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Title: The Genetic Architecture of Fluctuating Asymmetry of Mandible Size and Shape in a Population of Mice: Another Look
Contributor(s): Leamy, Larry J (author); Klingenberg, Christian Peter (author); Sherratt, Emma (author); Wolf, Jason B (author); Cheverud, James M (author)
Publication Date: 2015
Open Access: Yes
DOI: 10.3390/sym7010146Open Access Link
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Abstract: Fluctuating asymmetry (FA), typically measured by variation in the differences between right and left sides of bilateral traits, is commonly used to assess developmental instability (DI) in populations. A previous quantitative trait locus (QTL) investigation using an F₂ intercross mouse population found little evidence of individual loci affecting FA in mandible size, but an abundance of epistatic interactions between loci. Here we extend this work by testing whether these patterns replicate in an F₃ population derived from the same intercross. Using a large number of molecular markers genotyped in over 1200 mice, we uncovered significant interactions between loci (QTLs) affecting FA in mandible size (and shape). Epistasis contributed roughly 20% of the variation in FASIZE and 19% of the variation in FASHAPE at the 0.0001 probability level alone, and was comparable to that previously estimated for the F₂ mice, and much greater than that generated from the few single-locus QTLs affecting the mandible FA traits. The positions of the single-locus and epistatic QTLs for FA that we discovered suggested that logical candidate genes for DI are those controlling size or shape in the traits themselves, and that they may be interacting with genes for heat shock proteins.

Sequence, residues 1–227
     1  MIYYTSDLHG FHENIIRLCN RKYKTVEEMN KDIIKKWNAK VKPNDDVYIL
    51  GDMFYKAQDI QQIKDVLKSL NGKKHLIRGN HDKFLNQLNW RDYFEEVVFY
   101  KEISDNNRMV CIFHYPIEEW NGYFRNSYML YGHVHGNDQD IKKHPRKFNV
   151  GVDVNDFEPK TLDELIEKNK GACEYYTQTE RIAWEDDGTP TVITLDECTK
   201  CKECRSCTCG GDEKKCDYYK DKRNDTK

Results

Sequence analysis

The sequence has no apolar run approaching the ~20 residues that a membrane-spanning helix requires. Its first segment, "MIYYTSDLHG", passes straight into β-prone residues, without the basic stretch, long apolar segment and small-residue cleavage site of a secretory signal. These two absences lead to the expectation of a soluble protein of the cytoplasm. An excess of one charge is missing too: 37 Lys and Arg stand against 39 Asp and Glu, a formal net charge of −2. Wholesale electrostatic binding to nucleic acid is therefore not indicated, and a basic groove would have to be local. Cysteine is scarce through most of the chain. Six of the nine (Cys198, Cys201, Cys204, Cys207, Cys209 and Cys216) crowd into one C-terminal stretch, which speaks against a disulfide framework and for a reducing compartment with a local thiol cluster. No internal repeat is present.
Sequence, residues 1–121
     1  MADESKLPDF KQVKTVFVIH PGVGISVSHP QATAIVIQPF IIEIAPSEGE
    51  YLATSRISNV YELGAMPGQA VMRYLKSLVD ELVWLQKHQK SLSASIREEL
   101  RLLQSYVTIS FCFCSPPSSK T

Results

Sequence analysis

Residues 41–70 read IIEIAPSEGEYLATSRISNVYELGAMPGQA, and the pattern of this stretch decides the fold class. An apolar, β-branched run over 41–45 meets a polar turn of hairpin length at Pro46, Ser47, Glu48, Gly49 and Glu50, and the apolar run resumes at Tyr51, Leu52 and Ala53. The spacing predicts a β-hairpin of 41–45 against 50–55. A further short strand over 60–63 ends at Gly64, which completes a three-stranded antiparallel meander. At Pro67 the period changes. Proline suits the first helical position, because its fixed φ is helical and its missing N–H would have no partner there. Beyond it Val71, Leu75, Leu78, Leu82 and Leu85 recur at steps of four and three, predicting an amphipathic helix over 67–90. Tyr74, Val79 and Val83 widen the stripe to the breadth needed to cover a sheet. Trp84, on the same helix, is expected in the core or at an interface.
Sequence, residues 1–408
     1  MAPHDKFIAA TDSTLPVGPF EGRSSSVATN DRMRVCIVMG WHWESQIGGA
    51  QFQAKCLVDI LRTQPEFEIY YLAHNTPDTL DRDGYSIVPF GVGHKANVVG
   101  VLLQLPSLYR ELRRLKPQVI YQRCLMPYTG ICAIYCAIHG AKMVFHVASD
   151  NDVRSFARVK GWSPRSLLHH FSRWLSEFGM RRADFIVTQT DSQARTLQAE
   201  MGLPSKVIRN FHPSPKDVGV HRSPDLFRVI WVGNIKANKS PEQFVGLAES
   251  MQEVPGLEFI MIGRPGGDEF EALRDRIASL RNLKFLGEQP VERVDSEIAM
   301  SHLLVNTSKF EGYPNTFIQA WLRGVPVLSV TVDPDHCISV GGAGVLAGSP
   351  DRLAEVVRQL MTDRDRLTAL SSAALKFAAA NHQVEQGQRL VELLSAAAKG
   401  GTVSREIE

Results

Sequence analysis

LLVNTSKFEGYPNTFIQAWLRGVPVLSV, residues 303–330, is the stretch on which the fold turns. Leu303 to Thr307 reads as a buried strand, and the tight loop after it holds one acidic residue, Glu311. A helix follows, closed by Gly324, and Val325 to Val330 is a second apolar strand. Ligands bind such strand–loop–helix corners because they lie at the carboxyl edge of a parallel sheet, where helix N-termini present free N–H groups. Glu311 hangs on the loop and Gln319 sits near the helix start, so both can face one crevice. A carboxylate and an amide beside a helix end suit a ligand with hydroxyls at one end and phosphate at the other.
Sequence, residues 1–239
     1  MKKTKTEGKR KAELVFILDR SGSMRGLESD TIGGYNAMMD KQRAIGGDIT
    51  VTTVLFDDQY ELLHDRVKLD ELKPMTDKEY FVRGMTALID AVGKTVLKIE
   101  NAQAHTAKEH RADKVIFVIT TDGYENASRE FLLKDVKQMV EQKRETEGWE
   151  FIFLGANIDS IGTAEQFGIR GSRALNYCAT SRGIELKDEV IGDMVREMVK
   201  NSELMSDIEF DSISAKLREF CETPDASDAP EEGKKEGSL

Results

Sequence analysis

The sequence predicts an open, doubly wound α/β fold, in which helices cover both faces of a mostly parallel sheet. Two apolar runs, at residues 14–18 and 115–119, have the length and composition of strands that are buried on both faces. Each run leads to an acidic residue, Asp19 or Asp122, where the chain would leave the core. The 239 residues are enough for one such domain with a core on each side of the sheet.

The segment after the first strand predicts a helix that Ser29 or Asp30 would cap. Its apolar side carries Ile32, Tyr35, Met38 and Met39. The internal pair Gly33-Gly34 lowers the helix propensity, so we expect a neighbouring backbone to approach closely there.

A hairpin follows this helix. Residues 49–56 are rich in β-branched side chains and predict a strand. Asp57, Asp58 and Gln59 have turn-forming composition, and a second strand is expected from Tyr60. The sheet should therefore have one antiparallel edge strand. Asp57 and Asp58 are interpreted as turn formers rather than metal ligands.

Publication Type: Journal Article
Source of Publication: Symmetry, 7(1), p. 146-163
Publisher: MDPIAG
Place of Publication: Switzerland
ISSN: 2073-8994
Field of Research (FOR): 060412 Quantitative Genetics (incl Disease and Trait Mapping Genetics)
060399 Evolutionary Biology not elsewhere classified
Socio-Economic Outcome Codes: 970106 Expanding Knowledge in the Biological Sciences
Peer Reviewed: Yes
HERDC Category Description: C1 Refereed Article in a Scholarly Journal
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